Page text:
How we get comfortable with uncertainty
|Arrow the Perro|
Waiting for News~Dealing with Uncertainty
Recently, I found myself 'puttin' up the beans'. While waiting in that numb and suspended state of animation for news on my sick 13 year old dog I'd left with the vet to get IV fluids and tests, I suddenly pulled out the paint, sandpaper, and paint brushes to paint the front and back door.
I didn't want to think about the future. I didn't know if after days of throwing up and failing to eat, Arrow was on death's door so I did what I do when I face uncertainty and I'm unable to control the outcome. I did something physical.
I had to do something--anything--to put one foot in front of the other while waiting in the sludge of uncertainty.
It's what we do to calm and center ourselves in the face of uncertainty--we engage our hands to dis-engage our minds.
The Painted Front Door
I didn't think about what I was doing or wonder if I had enough time to complete the job before going back to the vet. I simply performed the task with determination and concentration.
With laser-focus and no-fuss I completed painting with precision and in record-time. It was my natural way to cope with the uncertainty of the future. It was my way of 'puttin' up the beans.
On vacation days before the stroke
Puttin' Up the Beans~Preparing for the Future
The term 'puttin' up the beans' originated years ago, after my mother had a stroke coming home from a family vacation. The family was reeling with the uncertainty of what the future held.
After we gathered at the hospital an hour away from my parent's home, my father, who had been at the hospital all day, was tired and ready to go home for the night asked a couple of us 'girls' to go home with him as he needed help 'puttin' up the beans'.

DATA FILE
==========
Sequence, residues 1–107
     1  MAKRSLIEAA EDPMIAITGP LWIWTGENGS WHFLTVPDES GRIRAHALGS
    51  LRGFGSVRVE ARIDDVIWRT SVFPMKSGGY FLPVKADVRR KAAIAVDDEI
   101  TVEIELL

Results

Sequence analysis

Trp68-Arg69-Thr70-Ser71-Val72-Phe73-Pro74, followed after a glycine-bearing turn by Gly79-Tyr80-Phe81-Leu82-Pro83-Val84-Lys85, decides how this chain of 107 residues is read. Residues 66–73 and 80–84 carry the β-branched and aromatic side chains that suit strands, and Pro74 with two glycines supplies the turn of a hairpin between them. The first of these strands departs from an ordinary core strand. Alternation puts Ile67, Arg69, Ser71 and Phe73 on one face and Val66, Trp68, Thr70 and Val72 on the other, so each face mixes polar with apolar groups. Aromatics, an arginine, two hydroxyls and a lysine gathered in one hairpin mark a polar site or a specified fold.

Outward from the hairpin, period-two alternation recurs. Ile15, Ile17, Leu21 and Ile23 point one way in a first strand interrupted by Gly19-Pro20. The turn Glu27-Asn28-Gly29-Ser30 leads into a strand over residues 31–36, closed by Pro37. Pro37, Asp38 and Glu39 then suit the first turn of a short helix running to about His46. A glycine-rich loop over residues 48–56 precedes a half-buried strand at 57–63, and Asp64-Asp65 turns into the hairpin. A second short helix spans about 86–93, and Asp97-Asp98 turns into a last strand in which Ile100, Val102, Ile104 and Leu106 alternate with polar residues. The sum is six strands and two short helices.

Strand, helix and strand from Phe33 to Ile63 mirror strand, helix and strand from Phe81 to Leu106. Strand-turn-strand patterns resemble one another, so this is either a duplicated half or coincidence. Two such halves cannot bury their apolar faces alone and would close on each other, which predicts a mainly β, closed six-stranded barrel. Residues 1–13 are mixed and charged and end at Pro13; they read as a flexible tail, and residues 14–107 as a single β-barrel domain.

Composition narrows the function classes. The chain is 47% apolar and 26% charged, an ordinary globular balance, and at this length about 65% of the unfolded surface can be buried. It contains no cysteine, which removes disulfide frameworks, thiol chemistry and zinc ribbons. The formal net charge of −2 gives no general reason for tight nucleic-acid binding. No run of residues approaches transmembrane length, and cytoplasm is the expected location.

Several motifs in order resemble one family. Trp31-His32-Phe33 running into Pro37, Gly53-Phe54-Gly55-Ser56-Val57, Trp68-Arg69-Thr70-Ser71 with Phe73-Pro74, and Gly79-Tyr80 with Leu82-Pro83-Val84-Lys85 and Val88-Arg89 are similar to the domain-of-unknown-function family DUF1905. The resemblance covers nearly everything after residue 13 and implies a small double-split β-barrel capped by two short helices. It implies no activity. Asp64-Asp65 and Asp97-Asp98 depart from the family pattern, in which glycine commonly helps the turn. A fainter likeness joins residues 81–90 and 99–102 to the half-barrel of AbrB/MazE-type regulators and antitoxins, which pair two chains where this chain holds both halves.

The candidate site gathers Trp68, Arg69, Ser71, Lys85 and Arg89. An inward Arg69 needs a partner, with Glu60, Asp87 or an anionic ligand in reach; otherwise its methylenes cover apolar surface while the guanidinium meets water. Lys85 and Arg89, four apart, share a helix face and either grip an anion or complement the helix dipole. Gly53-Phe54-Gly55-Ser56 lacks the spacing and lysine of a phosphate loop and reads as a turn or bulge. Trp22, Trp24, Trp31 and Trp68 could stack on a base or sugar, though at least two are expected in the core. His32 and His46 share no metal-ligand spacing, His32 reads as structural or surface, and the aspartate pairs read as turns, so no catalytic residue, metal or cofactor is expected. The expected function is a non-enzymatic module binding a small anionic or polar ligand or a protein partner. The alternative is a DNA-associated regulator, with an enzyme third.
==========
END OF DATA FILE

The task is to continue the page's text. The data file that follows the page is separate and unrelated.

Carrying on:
None of us questioned why at this time when my mother was still in a coma, he wanted to get home to 'put up the beans'. We instinctively understood his need to normalize life and act as if tomorrow's another ordinary day.
Three years later, as my mother was being transported to the hospital in the ambulance after suffering a heart attack at home, I watched as my father stopped to clean the kitchen counters and put dishes away. I gently coaxed him out the door so we could get to the hospital, knowing once again he was 'puttin' up the beans'.
Always build a nest in the eye of the storm
Treat Every Day as an Extraordinarily Ordinary Day
I remember the first time I learned about this desire of ours to go on as if it was another ordinary, normal day.
While visiting a friend in Southern California, I was enjoying a cup of coffee with her and looking out her front window as we watched her next door neighbor--an apparently carefree young woman--wash her car in shorts and a tank top on a bright, sun-shiny day.
'She's dying of cancer', my friend said. 'She only has a little time left.'
She died the following week.
Back then I marveled that this young woman--just a few years younger than me--would engage in such an ordinary, every day activity as she faced death. Today I understand she was just 'puttin' up the beans'. It's how we continue on--taking it one day and one step at a time.
Keep on Puttin' Up the Beans
Life Requires Us to Carry On
In the face of uncertainty we must take one step and then another until the future unfolds to show us it's hand. And we must learn to do the best we can to keep on keeping on despite the uncertainty, fear and sorrow.
No one welcomes or expects these times of uncertainty and grief we stumble our way through. Yet in the process of dealing with them we discover we're made of strong stuff--and we find our own way to 'put up the beans' to help us through the most difficult of times.
'A simple definition of life: The chance you've been waiting for.'
'...Tell me, what is it you plan to do with your one wild and precious life?'
Mary Oliver, "The Summer Day"
I have within me all ingredients for a good life
Thanks to Lee Bryant for playing with the affirmation hearts
to give them new meaning and beauty.
For more than 35 years, Susan Meyerott has been helping people lighten up and step over invisible barriers to change one step at a time. She speaks to your heart, puts you at ease, and makes letting go and moving forward with life easier than ever before.
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